Dekalog 4: On East Asian Filmmakers by Kate Taylor-jonesDekalog 4: On East Asian Filmmakers by Kate Taylor-jones

Dekalog 4: On East Asian Filmmakers

EditorKate Taylor-jones

Paperback | May 29, 2012

Pricing and Purchase Info

$20.30 online 
$26.00 list price save 21%
Earn 102 plum® points

Prices and offers may vary in store


Ships within 1-3 weeks

Ships free on orders over $25

Not available in stores


East Asian cinema has become a worldwide phenonemon, and directors such as Park Chan-wook, Wong Kar Wai, and Takashi Miike have become household names. Dekalog 4: On East Asian Filmmakers solicits scholars from Japan, Hong Kong, Switzerland, North America, and the U.K. to offer unique readings of selected East Asian directors and their works. Directors examined include Zhang Yimou, Apichatpong Weerasethakul, Rithy Panh, Kinji Fukasaku, and Jia Zhangke, and the volume includes one of the first surveys of Japanese and Chinese female filmmakers, providing singular insight into East Asian film and the filmmakers that have brought it global recognition.

Kate E. Taylor is lecturer in visual culture at Bangor University, Wales, and the author of Rising Sun, Divided Land: Japanese and Korean Cinema, forthcoming from Wallflower Press.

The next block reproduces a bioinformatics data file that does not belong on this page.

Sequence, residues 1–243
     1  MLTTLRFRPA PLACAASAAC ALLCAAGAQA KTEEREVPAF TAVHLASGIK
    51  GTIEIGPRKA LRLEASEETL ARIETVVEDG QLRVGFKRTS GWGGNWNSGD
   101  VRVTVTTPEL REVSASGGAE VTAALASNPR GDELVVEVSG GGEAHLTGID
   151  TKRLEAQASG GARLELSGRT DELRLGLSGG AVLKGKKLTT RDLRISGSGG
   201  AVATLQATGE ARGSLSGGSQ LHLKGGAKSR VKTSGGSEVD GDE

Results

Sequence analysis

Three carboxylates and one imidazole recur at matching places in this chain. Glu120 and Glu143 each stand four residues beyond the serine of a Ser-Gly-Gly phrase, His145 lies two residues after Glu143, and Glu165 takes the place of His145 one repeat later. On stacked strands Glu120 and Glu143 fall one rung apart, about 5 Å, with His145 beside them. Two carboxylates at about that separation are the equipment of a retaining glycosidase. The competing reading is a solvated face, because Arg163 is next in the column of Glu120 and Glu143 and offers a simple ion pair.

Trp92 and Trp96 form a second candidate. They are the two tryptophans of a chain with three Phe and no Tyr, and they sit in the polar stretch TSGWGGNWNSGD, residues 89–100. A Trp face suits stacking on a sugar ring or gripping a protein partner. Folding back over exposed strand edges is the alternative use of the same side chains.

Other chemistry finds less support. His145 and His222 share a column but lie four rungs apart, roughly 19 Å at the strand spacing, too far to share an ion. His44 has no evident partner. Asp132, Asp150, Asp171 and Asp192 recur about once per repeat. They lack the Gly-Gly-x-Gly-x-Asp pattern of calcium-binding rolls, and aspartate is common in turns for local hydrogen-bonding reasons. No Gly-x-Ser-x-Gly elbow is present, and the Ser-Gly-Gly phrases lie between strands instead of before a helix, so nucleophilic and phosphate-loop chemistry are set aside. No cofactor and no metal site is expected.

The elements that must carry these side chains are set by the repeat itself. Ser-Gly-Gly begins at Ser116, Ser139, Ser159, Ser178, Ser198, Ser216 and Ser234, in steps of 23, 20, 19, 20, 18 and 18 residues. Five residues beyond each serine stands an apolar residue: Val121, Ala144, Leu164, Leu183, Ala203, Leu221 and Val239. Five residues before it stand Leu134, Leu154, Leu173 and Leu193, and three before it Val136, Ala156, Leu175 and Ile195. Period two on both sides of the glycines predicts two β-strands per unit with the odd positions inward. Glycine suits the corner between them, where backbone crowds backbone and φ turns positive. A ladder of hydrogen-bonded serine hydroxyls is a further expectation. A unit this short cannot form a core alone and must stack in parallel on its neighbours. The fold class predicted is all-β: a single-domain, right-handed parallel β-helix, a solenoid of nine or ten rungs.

Title:Dekalog 4: On East Asian FilmmakersFormat:PaperbackDimensions:164 pages, 8.75 × 1 × 0.68 inPublished:May 29, 2012Publisher:Columbia University PressLanguage:English

The following ISBNs are associated with this title:

ISBN - 10:190666031X

ISBN - 13:9781906660314

Look for similar items by category:


Table of Contents

Notes on ContributorsIntroduction: On East Asian Filmmakers, by Kate E. TaylorAn Interview with Naomi Kawase, by S. Louisa Wei, Komatsu Ran and Yang YuanyingWomen's Trajectories in Chinese and Japanese Cinemas: A Chronological Overview, by S. Louisa WeiFusion Cinema: The Relationship Between Jia Zhangke's Films Dong and Still Life, by Barbara JenniFrom the Art House to the Mainstream: Artistry and Commercialism in Zhang Yimou's Filmmaking, by Xin WangFeng Xiaogang and Ning Hao: Directing China's New Film Comedies, by J. Colleen BerryRecuperating Displacement: The Search for Alternative Narratives in Tsai Ming-Liang's The Hole and What Time Is It There?, by E. K. TanDe-Mystifying a Postwar Myth: Reading Fukasaku's Jinginaki Tatakai, by Masashi IchikiGathering Dust in the Wind: Memory and the 'Real' in Rithy Panh's S21, by Saër Maty BâBlack Hole in the Sky, Total Eclipse Under the Ground: Apichatpong Weerasethakul and the Ontological Turn of Cinema, by Seung-hoon Jeong